Around a third of the world’s population owns a smartphone. In Switzerland the figure is 78 percent. Users buy a new device on average every two years. Young people use their mobile two hours a day, adults one hour – and even longer at weekends.
Even though only around one percent of adults and five percent of young people are defined as being addicted to their mobile, growing smartphone use has far-reaching implications. The boundaries between different areas of people’s lives are blurring; the time they spend working is increasing inexorably, and the expectation that they’ll always be available is mounting. This boosts stress levels and can also exacerbate the risk of burnout. Another major consequence is that people’s sleep quality suffers.
But as Theda Radtke, senior teaching and research assistant in applied social and health psychology at UZH, explained last week in her lecture as part of the Wissen-Schaf(f)t Wissen series put on by the Zurich Center for Integrative Human Physiology (ZIHP), “There are also many positive effects.”
Smartphones are helping make communication more productive and less time-consuming, and enabling people to divide up their working time more flexibly – particularly because they make it possible to take care of everything regardless of location. Studies have also shown that smartphones can simplify social interaction in people’s private lives, with group chats often bringing families and groups of friends closer. The borders between the positive and negative effects of smartphones are frequently blurred.
Digital detox is a new trend from the United States. Taking regular time out from using your smartphone is supposed to counter the negative effects. But does it really help? Theda Radtke and her research team did a study into the effects of taking daily breaks from smartphone use. They used an app which, in addition to registering all mobile phone activity, switched it off at times specified by the user. The smartphone use of 141 study participants was recorded for three weeks. In weeks two and three, half the participants had to take two one-hour breaks on a daily basis: One during the day and one in the evening. Those in the control group were allowed to continue using their smartphone as usual. Participants completed questionnaires to help assess their wellbeing and health before and after the intervention.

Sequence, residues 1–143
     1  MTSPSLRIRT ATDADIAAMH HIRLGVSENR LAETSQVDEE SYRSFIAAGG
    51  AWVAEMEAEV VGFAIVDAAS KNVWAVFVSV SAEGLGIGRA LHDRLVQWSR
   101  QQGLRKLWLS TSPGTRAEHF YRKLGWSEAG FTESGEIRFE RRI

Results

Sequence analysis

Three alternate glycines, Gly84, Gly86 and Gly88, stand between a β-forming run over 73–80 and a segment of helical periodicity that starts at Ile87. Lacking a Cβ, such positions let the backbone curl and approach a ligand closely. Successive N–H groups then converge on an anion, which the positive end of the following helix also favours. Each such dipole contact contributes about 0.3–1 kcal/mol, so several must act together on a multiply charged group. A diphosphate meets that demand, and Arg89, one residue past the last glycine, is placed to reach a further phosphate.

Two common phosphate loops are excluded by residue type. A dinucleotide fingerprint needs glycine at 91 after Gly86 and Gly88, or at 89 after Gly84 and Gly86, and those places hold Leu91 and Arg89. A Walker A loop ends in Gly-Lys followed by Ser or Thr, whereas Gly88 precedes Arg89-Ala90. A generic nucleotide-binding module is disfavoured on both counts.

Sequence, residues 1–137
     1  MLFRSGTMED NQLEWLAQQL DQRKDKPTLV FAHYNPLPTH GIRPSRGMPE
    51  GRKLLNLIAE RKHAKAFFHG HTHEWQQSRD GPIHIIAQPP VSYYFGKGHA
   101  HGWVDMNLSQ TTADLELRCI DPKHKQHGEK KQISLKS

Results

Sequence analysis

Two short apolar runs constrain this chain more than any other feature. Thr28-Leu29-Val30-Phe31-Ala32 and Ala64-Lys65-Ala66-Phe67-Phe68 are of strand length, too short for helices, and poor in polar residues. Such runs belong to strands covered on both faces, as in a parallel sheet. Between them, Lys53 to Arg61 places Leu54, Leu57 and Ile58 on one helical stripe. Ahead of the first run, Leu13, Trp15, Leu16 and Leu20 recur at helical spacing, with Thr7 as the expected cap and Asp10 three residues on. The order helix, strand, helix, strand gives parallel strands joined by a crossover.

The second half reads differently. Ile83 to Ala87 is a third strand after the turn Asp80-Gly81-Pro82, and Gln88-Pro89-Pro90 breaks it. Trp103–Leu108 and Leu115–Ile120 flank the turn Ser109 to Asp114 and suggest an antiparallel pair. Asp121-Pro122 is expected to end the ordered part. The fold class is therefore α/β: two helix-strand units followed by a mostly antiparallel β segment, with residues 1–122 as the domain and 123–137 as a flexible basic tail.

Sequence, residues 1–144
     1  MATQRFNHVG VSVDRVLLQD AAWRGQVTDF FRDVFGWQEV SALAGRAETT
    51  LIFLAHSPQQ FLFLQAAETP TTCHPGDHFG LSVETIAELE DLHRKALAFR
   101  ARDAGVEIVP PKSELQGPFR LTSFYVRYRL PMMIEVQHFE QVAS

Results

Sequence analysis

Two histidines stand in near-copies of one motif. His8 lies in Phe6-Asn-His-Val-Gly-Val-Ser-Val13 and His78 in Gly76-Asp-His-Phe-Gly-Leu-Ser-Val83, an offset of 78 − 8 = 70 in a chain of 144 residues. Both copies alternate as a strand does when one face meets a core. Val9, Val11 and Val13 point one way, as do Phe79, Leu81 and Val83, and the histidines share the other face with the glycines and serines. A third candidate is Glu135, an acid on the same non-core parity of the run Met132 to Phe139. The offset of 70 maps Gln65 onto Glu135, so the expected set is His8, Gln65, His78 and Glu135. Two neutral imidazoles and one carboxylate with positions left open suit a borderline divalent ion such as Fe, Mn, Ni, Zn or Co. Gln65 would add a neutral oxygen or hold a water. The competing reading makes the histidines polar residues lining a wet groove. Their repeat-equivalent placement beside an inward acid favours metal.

Contrary to what the researcher had expected, taking time out didn’t improve people’s wellbeing: Participants weren’t less stressed, they didn’t sleep any better, and they couldn’t let go of their work any more easily. On the contrary, some even reported that taking a break stressed them because they were worried about missing calls or messages. Not only that, but participants taking the ordained smartphone break didn’t spend any less time on their device than the control group. Radkte suspects that this is because taking time out led people to overcompensate. She summed up: “Our intervention wasn’t a success.” The next step will be to investigate whether taking a longer break or switching off your smartphone in the evening has a positive effect.
Using digital devices more consciously
“It’s no longer possible to imagine life without smartphones. They’re already too firmly established in our daily lives,” said Radtke. But is that really so bad? “Maybe smartphones are demonized too much, like cars used to be. We should develop digital awareness and learn how to use electronic devices consciously,” suggested Radtke. She gave the audience a few tips: Don’t read e-mails on your smartphone, make the bedroom a mobile-free zone, switch off the push function, and deliberately put away your phone from time to time, for example at meals. She also pointed out that it’s important to consider the social context of smartphone use: It’s probably okay to have your phone with you in the office, but it’s quite all right to occasionally be unavailable on a family excursion. After all, adults have to set children an example.
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